We look forward to welcoming Native American veterans, family and community members, and the public to the memorial’s dedication on Veterans Day of next year, 2022. We’re planning a weekend of public programs and a large procession of Native American veterans on the National Mall.
And now I’m very pleased to introduce the memorial’s designer, Harvey Pratt, who will talk about the memorial and the inspiration for its design. Harvey.
MODERATOR: Harvey, do we have you? We just need you to unmute yourself now. There we go.
MR PRATT: Can you hear me now?
MODERATOR: We can hear you now. Please, go ahead.
MR PRATT: I’m sorry. Thank you very much for allowing me to be with you guys today. I appreciate it. It’s a great honor for me. I – it was a great honor for me to be involved in this memorial. I had to initially – I had not thought about doing it. And even though I attended several meetings, I felt like it was not – there would not be a chance for me to even do this thing. And some tribal – my tribal people asked me to go ahead and submit a design, and I said, “Let me dream on it; let me think about it. And I will.”
And my initial thoughts were: How do you reach 574 federally recognized tribes without naming a specific tribe? And I come from a very traditional family and was involved in a lot of ceremonies, and being a Cheyenne chief, I had to – had been to many different tribes and participated in ceremonies that – and I thought the way that you do that is through ceremony and tradition and history. And I thought rather than doing a statue, I wanted to do something that was interactive, that you could walk into, like when we walk – when we go into the chief’s lodge. It’s a different world, and you have to go there. And I said, that’s what I have to do; you have to build something that people will want to go to. It has to be a destination.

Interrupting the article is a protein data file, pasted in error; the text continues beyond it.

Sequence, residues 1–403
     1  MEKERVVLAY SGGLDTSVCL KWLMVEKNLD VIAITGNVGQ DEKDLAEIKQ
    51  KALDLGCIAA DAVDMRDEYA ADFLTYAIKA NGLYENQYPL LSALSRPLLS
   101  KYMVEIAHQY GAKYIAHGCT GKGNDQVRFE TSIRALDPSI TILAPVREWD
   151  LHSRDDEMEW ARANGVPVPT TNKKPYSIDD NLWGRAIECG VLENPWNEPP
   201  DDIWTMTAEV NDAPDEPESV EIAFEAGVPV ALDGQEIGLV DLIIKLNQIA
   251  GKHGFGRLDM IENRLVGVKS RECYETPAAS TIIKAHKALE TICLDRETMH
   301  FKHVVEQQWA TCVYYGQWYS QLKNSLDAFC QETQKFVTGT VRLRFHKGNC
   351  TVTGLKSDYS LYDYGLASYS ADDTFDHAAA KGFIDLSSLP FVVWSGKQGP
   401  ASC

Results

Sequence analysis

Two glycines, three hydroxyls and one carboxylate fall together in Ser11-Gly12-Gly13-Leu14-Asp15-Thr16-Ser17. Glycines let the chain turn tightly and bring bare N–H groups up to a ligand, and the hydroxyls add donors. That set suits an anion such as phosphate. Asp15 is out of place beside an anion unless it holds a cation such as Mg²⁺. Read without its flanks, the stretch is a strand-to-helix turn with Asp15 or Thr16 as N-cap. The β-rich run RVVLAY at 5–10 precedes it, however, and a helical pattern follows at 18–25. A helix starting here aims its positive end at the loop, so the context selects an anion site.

And I thought, oh, the path of life. As you walk through your life, you kind of drift in and out, and you get pulled back into your path of life. Sometimes you drift away and you make that way, and you think about your plans and what your desires are and what you have to do in life. And which hat are you going to wear today? Are you going to be a father, are you going to be a brother, an uncle? So you walk that different path, and I thought that’s what you do.
And I thought about it. I said, Indian people, we’re the same, but we’re different. We all have the same basic concept about the Earth and Mother Earth and trees and rocks and water and fire and the air. And I thought, that’s what we incorporate. I need to incorporate all of those things into that so that tribal people will recognize those elements.
We – some tribes say they came from out of the mountains, and some tribes say they come from the stars and they go back to the stars. And so Indian people paid attention to the environment. They paid attention to the animals, and the plants, and the rocks, and the earth. And they used fire and water. And I thought, that’s what I’ll incorporate, those elements that they can use. And so the Path of Life is you walk there until you get to a certain area. And you walk around, and when you enter into the inner circle, you become in harmony with the earth, air, water, and the fire.